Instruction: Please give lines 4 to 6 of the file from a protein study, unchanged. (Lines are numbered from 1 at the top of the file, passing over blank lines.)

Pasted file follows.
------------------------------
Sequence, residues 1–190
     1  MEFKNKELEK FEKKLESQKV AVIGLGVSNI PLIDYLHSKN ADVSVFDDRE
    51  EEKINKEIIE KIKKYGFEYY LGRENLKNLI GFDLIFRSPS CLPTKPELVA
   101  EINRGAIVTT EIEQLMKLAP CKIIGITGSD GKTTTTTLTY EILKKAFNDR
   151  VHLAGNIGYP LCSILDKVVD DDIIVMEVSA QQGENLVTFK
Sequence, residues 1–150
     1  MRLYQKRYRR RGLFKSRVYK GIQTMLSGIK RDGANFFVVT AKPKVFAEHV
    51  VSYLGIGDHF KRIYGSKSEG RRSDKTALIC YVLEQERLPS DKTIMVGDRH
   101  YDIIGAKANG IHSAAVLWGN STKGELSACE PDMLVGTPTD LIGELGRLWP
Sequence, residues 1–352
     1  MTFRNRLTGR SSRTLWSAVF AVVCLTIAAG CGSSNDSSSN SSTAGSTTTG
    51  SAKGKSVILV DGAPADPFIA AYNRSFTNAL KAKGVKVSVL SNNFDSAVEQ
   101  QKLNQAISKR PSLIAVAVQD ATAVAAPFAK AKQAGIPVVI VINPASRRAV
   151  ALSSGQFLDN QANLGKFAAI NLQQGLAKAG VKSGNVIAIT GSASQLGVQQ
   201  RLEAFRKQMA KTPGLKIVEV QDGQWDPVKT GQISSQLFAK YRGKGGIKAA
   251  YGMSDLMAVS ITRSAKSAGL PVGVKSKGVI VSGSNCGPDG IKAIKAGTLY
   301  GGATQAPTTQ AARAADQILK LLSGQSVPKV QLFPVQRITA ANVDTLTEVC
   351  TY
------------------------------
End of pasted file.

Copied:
   101  EINRGAIVTT EIEQLMKLAP CKIIGITGSD GKTTTTTLTY EILKKAFNDR
   151  VHLAGNIGYP LCSILDKVVD DDIIVMEVSA QQGENLVTFK
Sequence, residues 1–150